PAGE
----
Turnaround times are a major headache

21 February 2011

21 February 2011 | Lindsay Clark

The majority of industrial firms are striving to reduce lead times to meet customers’ needs following the recession, a report has found.

A survey of 162 manufacturing and distribution companies in Europe and North America said failing to meet delivery times affected companies’ ability to serve customers and resulted in lost sales opportunities and revenue as companies emerged from the downturn.

“This is particularly pernicious because losing one opportunity with a customer often means losing subsequent opportunities,” the report, commissioned by software firm Lawson, said. “The effects of inflexibility in your supply chain might appear to be small, but if looked at closely, they might be more damaging than is first apparent.”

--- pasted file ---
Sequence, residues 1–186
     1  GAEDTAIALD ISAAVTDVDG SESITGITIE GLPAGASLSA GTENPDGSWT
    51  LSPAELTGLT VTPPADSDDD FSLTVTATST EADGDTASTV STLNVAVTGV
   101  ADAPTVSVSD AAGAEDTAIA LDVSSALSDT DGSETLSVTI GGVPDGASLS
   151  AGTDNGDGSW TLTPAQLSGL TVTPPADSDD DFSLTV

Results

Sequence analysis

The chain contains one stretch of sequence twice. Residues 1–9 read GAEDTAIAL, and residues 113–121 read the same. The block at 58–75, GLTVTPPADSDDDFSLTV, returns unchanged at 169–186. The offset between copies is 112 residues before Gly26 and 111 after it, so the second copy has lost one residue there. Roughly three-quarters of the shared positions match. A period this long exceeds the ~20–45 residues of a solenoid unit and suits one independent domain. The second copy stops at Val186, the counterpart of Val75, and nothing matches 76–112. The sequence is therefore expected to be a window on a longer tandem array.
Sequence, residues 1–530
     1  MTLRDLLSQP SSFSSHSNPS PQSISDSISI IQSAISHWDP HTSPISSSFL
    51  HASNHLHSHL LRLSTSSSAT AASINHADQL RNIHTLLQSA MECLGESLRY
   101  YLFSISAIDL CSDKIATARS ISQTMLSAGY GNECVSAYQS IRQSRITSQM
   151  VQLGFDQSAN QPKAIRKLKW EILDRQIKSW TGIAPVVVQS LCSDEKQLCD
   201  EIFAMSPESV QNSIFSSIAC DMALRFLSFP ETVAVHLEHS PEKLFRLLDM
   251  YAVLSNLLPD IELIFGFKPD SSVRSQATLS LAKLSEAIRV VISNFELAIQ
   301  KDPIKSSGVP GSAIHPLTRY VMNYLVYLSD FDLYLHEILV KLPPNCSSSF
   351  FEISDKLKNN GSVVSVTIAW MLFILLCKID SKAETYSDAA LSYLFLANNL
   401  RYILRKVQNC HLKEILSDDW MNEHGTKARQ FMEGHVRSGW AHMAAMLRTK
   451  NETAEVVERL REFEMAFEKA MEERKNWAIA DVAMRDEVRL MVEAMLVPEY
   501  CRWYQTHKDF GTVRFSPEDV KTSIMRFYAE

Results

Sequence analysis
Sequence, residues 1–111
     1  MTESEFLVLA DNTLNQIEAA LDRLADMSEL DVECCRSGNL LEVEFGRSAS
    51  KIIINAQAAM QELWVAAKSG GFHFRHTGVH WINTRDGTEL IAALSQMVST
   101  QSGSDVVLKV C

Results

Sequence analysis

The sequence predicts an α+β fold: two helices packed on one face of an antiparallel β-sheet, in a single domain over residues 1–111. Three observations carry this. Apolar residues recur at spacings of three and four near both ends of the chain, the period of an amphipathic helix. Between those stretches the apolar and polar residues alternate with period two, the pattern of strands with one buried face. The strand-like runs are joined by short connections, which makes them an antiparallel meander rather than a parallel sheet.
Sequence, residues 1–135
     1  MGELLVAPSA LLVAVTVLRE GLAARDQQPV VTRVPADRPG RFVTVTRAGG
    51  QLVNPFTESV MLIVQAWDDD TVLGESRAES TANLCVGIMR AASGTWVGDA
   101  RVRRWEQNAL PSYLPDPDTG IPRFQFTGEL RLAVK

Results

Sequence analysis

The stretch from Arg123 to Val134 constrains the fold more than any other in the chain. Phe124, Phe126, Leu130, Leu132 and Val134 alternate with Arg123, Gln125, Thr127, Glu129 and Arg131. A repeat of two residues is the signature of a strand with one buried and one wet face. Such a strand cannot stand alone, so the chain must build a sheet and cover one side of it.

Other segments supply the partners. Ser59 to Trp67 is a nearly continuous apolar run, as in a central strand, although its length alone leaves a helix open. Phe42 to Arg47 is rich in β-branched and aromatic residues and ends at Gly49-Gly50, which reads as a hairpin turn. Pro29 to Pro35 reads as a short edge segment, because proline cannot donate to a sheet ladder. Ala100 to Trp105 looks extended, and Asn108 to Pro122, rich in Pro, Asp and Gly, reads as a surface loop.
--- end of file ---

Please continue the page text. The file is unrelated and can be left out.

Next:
When asked about specific supply chain headaches, 37 per cent said reducing lead times was their biggest hassle. Long lead times could be the result of buyer or supplier actions.

Other problems included suppliers raising prices, being inflexible, going out of business, changing ownership and being too slow to innovate. “A good supplier makes its customers stronger, which is why finding reliable suppliers and managing them effectively adds such value to a business,” the report said.

For the future, 44 per cent described themselves as optimistic, while 53 per cent said they were cautious. Only 3 per cent were pessimistic.

The research said companies should share data across the supply chain to improve efficiency and performance. “To stay competitive, companies need to collaborate more closely and be in a position to share information with their supply chain partners and customers.”

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